KAWA NI, WESTPORT, CT
Armed with a bachelor’s degree from Johnson & Wales University and concentrating on sustainability and locally sourced products, it’s no wonder Will Friedman continues to put a focus on zero waste and seasonal ingredients. Much of his work has been in Asian cuisine, from his days as sous chef at Ken’s Ramen in Rhode Island to his time as assistant culinary director at Mecha Noodle Bar. Now, as chef at Kawa Ni, he incorporates all he has learned into the restaurant’s creative and inspiring menu.
What inspired you to become a chef?
I was inspired to be a chef during my first summer job when I was 12 years old. I was a dishwasher at a small seafood restaurant, and I loved the high-paced environment. After that summer, I would look through cookbooks and raid the dry storage and fridge in my apartment and try to make my mother dinner for us when she got home from work.
When was the first time you felt innovative in your career?
The first time I’ve felt innovative in my career was probably when I started at Kawa Ni as chef de cuisine. It was the first time in my career I was able to use everything I’ve been taught and put them together and make something new and special. From working at Ken’s Ramen then to Mecha Noodle Bar and after that The Whelk, I had a massive amount of Asian knowledge combined with dish creation under my belt. Going to Kawa Ni was the perfect home for me to be creative.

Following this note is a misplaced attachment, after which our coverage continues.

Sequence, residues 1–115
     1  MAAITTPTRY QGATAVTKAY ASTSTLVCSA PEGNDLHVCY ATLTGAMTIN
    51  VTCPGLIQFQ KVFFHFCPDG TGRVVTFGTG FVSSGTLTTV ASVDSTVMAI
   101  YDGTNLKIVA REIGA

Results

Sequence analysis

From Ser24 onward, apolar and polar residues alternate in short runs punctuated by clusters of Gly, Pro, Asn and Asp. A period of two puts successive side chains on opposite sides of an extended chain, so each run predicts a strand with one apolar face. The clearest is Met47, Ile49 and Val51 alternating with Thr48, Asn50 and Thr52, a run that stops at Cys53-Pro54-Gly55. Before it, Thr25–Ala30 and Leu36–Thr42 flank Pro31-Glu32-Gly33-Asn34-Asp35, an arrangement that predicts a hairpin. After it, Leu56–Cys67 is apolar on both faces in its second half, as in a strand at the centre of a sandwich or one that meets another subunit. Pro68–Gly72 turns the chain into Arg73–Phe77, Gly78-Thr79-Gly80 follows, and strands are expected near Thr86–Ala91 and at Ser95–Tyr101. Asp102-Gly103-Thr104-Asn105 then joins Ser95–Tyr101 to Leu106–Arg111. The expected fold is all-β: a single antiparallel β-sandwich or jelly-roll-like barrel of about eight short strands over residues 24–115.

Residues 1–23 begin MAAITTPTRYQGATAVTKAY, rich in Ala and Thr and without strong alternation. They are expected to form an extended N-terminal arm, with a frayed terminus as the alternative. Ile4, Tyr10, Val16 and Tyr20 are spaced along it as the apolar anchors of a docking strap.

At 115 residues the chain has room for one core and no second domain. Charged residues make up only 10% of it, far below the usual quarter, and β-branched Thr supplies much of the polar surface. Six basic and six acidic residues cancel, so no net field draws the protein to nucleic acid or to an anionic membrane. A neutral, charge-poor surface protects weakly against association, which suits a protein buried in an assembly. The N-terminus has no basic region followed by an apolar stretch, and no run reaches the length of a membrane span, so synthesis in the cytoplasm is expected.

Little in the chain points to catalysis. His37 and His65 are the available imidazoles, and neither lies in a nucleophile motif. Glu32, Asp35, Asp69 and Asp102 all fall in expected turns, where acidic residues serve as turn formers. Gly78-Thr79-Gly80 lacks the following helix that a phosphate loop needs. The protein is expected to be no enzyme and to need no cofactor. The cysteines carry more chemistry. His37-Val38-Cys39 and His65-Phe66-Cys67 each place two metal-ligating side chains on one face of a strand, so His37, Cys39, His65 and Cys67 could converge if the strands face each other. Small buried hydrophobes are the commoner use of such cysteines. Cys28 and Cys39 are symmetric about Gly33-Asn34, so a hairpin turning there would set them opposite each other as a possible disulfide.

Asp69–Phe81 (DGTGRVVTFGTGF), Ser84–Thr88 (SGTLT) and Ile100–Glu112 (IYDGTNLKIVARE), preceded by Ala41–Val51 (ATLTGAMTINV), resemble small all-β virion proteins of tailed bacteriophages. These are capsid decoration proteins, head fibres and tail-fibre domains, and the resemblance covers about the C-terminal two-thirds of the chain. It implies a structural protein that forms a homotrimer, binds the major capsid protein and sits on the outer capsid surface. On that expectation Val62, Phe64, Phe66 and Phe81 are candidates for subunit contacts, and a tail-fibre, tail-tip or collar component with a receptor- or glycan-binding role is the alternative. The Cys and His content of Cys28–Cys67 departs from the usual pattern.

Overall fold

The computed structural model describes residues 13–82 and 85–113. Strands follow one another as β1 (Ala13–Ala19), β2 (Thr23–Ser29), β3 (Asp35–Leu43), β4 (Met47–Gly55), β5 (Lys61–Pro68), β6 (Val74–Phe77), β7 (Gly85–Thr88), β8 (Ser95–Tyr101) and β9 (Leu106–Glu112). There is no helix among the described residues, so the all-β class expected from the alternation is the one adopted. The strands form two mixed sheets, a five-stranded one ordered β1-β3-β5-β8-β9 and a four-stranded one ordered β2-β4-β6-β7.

With so much variety in cuisine today, how does a chef continue to remain innovative?
I think to remain innovative you need to push the limit but also keep things pure and simple. Trying to do something new and exciting is always great, but respecting the main component of your dish and not trying to turn it into something it’s not is super important to me. That is one of the most important things my mentors Bill Taibe and Anthony Kostelis have taught me.
When you want to indulge, what is your favorite dish/cocktail?
When I indulge I love a dirty martini with or without blue cheese stuffed olives. I’ll never ask for them to stuff an olive on the fly but if I see it somewhere else on the menu it’s definitely a go. When it comes to food, my happy place is sitting at the bar at Rosina’s in Greenwich to eat pasta.
When you are stuck for ideas, how do you find inspiration?
I find most of my inspiration from flipping through magazines and Instagram. I also like to go to Asian grocery stores on an empty stomach and the ideas just seem to flow. The life of a chef is challenging and a tremendous amount of work.
How do you find time to enjoy the fruits of your labor?
Most of the time it starts with my wife’s homemade cold brew and some light reading. I also try to be outside as much as possible and will always finish the day off going out or making dinner.
Does your restaurant change its menu seasonally? What is your favorite fall dish?
Our restaurant is seasonal, we change our menus almost daily depending on the produce our local farmers have available. My favorite dish during the fall that I’ve had a lot of success with is a roasted honey nut squash, with an XO and miso maple syrup and finished with a bunch of seeds and nuts.
How has the restaurant industry’s trying times the last few years inspired you to think outside the box?
I’ve found success with cross utilizing anything and everything. For example, with all fruits and vegetables that we juice, we will turn the scraps into Kosho pastes.